If this is the alternative, then those despised virtual touchscreen controls may not be so bad after all.
The Wikipad gaming tablet, due out this spring for $249, answered the call. Gamers hated playing traditional console-style action games using pretend analog sticks and buttons on flat mobile touchscreens. Without the tactile sensation of actually pushing something with your thumbs, you just couldn’t get the same responsiveness as you would with standard joypad controllers or systems like the PlayStation Vita. So what to do? The best-of-all-worlds solution seemed easy enough: Pair up a gaming-capable tablet with physical controls.
It was a great idea on paper, but someone forgot to write “good design” on that same sheet.
The box is actually really nice and deserves some mention. It has a soft-rubber coating, slick photography and typography, and molded foam inserts to hold everything snuggly in place. Wikipad’s packaging was perhaps the most impressive part of the entire product. While opening it up, I felt like I was unwrapping an expensive, high-end gadget — something that belongs in the Apple store or, at the very least, behind a locked glass case at Best Buy.
It’s a bit like putting an Armani suit on a hot dog.
Maybe that’s a little harsh since the tablet itself is fairly nice as well, and that’s what most of your money is going toward. It has a 7″ screen and boasts an Nvidia Tegra 3 quad-core mobile processor. It’s a lightweight-yet-powerful Android alternative to the iPad. (See the full specs here.)
On the back is a rubberized skin, with raised ridges that form a rectangular-shaped box.
These ridges not only help you grip the Wikipad when it’s out of its controller holster but slightly elevate the tablet when it’s resting face-up. The idea is to make sure the speakers get more breathing room and can clear the table the device is lying on for better sound output.
So far, so good, but you’re probably not curious about the Wikipad because of those ridges (or even the base tablet itself) — you want the console-like controls. While they functionally work just fine — the analog sticks and buttons do what they’re supposed to do — they feel so utterly cheap that you wonder if the packaging costs more to manufacture.
The buttons and D-pad look like they’re made of low-grade plastic painted in a crappy shiny chrome (like the original Xbox 360 disc-tray covers). The entire controller cradle is way bigger than you would expect of something that’s supposed to hug a slim 7″ tablet. When I first wrapped my hands around the side grips, I was simply shocked at how hefty and cumbersome the whole thing felt. For those of you who say that even Nintendo’s Wii U GamePad tablet controller is too bulky, the Wikipad is going to feel like you’re playing with a GameCube console — in your hands.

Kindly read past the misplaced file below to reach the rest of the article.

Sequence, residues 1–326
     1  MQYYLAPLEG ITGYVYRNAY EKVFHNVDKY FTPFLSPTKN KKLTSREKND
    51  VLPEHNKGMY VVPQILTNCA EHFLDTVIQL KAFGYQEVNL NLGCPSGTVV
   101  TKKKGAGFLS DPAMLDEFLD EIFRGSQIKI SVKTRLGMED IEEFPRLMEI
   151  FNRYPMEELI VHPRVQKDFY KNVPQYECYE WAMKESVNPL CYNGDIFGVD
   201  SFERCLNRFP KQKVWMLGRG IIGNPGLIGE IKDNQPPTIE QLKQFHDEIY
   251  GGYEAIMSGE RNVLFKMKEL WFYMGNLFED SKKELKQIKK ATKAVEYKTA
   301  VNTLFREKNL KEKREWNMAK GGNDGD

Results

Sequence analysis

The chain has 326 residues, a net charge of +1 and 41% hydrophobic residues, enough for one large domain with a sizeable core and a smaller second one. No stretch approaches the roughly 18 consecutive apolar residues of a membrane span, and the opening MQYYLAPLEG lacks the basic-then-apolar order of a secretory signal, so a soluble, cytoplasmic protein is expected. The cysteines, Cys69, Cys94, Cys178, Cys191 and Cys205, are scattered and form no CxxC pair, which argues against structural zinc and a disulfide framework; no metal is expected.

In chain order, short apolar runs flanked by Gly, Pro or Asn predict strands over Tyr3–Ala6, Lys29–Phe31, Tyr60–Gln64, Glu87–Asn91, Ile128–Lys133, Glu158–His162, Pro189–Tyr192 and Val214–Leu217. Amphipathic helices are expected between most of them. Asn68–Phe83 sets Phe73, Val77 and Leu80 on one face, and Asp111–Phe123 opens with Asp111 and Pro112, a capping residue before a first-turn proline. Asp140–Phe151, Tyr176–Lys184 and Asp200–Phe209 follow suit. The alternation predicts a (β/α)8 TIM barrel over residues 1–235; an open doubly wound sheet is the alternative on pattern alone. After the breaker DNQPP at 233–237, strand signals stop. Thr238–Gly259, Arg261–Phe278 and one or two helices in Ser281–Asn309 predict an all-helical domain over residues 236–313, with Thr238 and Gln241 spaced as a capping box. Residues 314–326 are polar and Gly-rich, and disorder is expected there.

I playtested the Wikipad with Hockey Nations (a standard team hockey game) and Dead Trigger (an anti-zombie first-person shooter), both of which come preloaded with the system. Neither game looked that amazing from a graphical standpoint, but they showed off smooth animations in 3D environments. The buttons seemed responsive enough; though, the overall girth of the controller made lifting my right thumb off the analog stick to hit a button an awkward affair.
The analog sticks themselves may have too wide a range of motion. For Hockey Nations, that wasn’t much of a problem, but for Dead Trigger, I could never aim at zombies’ heads precisely enough. At no point did I feel like I was playing an Xbox 360 or PlayStation 3 first-person shooter simply because the right stick had too much give in it.
The tablet itself is elegant, but the controller is not. Perhaps I missed some settings that could refine the analog controls a bit, and maybe in the future, we’ll see a “Wikipad Slim” designed for those of us who don’t have thick-cut meaty mitts. But as it is, I’m not too impressed with this attempt at turning a tablet into a console.
Mobile developer or publisher? VentureBeat is studying mobile app analytics.
Fill out our 5-minute survey
, and we'll share the data with you.